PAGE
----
Miller cautioned that “everything in this concept is scaleable” and might need to be adjusted for budget purposes. Payments limits would be set at $105,000 for all farm program payments.

At the other end of the spectrum is the Systemic Risk Reduction Program (SRRP) proposed by the American Farm Bureau Federation. Their concept is to provide producers with more protection from larger down-side risks while allowing them to deal with the upper end of the risk profile on their own---providing producers with area coverage that is similar to the Group Risk Income Protection (GRIP) policies offered today, but at a minimal charge to the producer. 

AFBF's plan would allow producers the ability to purchase an individual crop insurance policy that ‘wraps' their core policy and conceivably costs less. Individual crop insurance policies would need to be re-rated - a process that could take years to complete.

Former USDA Chief Economist Keith Collins, who now serves as a consultant to the crop insurance industry, has been reviewing all of the supplemental crop insurance plans and, in a paper written for “Choices” with Harum Bulut last fall, pointed out the pros and cons of several options. One concern is that “guarantees set at high levels to supplement crop insurance, rather than replace it, may generate WTO issues, encourage more risk taking and production, and thus impede production response in excess supply periods. This may be especially true for individual farm plans, which also have moral hazard,” they wrote.

“The area plans suffer from basis risk, or imperfect correlation between farm and area yields, potentially paying when a farm has little to no loss and not paying when a farm has a loss. Also, the more the supplemental coverage band overlaps higher levels of crop insurance coverage, the more the supplemental plan will reduce crop insurance demand at the higher coverage levels.”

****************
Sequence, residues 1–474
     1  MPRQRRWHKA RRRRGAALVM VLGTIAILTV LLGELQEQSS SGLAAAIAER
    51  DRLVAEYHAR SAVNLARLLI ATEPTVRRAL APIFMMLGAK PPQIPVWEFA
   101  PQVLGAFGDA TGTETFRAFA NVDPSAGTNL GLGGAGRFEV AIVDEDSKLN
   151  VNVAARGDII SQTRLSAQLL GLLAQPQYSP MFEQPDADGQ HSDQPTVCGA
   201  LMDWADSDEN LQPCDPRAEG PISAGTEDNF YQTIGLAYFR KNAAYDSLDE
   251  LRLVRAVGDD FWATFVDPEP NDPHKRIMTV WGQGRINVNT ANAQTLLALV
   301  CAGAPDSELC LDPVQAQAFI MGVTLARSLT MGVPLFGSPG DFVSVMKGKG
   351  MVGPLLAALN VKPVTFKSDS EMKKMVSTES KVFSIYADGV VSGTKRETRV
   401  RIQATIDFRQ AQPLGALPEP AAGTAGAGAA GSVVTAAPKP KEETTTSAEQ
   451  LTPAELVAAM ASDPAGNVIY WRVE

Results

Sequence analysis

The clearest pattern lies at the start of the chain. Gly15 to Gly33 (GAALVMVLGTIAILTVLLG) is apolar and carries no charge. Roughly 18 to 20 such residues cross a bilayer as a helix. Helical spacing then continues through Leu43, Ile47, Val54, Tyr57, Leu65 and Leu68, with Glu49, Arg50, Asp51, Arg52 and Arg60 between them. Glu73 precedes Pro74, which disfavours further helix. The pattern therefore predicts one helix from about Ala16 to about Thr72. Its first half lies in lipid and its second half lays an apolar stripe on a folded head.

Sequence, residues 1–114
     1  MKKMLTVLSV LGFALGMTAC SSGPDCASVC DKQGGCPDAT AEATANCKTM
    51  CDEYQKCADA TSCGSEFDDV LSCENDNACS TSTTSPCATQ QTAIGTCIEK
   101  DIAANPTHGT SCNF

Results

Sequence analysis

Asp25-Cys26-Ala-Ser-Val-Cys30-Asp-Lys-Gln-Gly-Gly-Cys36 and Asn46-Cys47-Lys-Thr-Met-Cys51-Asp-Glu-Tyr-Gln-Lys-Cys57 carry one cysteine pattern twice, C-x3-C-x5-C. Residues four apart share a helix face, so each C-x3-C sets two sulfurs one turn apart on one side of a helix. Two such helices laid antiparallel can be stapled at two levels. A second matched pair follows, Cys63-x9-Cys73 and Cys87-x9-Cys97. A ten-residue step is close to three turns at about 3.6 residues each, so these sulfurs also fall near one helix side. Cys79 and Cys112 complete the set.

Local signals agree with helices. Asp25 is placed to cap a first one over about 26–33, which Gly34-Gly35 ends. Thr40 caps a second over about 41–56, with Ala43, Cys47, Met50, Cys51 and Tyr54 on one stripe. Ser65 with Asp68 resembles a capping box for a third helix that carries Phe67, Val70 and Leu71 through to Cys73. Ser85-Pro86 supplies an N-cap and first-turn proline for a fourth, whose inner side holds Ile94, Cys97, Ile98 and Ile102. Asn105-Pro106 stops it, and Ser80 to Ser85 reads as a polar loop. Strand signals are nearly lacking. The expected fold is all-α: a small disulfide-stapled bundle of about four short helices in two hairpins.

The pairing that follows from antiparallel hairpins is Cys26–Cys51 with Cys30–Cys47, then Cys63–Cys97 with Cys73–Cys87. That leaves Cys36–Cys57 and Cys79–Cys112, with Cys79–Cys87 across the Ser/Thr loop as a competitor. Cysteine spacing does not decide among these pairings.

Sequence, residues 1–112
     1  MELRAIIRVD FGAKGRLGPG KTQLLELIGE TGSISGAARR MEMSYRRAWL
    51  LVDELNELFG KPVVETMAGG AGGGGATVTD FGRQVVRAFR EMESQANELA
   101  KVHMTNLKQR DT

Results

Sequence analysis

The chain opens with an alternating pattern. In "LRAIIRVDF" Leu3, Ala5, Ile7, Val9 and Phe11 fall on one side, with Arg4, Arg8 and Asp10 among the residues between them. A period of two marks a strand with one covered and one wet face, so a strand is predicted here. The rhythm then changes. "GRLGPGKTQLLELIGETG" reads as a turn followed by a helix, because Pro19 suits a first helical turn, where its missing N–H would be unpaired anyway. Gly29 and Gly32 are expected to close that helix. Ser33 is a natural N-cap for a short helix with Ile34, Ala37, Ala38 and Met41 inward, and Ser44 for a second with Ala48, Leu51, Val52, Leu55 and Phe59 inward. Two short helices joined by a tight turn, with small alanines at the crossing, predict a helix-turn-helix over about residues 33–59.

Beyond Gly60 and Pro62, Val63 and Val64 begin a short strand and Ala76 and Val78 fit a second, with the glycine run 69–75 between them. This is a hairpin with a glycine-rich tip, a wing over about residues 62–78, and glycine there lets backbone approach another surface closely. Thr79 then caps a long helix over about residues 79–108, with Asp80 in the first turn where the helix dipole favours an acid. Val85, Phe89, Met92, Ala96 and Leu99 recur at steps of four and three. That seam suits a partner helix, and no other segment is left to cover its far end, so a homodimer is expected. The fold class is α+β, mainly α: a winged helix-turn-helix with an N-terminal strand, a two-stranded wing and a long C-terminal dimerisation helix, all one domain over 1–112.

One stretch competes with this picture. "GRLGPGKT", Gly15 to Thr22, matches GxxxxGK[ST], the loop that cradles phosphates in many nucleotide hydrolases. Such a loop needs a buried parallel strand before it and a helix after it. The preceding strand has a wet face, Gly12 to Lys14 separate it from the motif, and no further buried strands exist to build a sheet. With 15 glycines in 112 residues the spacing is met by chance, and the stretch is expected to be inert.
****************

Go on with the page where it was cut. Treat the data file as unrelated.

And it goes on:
Collins suggests five other options that lawmakers could consider if they are interested in covering more uninsured production - for all crops, rather than just program crops - without developing new supplementary plans. These proposals include the possibility of expanding the maximum crop insurance coverage levels and implementing co-insurance.  For example, a producer could buy an 85% policy that provides a 90% coverage level. Losses in excess of 15% would be paid in full, while losses in the 10% to 15% range would be paid in part, with part of the loss in that layer borne by the producer. Further, the producer could be permitted to select the range of coverage over which coinsurance would apply, for example 65% to 85%.

Another option would be to provide “disappearing” deductible coverage. “The added payment would cover only a small portion of the deductible for small losses but would completely eliminate the deductible at 100% loss. This option would be easy to administer and rate, require no new loss adjustment, but would not cover small losses and could encourage some moral hazard,” Collins and Bulut wrote.  For more on these options, click here


Original story printed in February 1, 2012 Agri-Pulse Newsletter.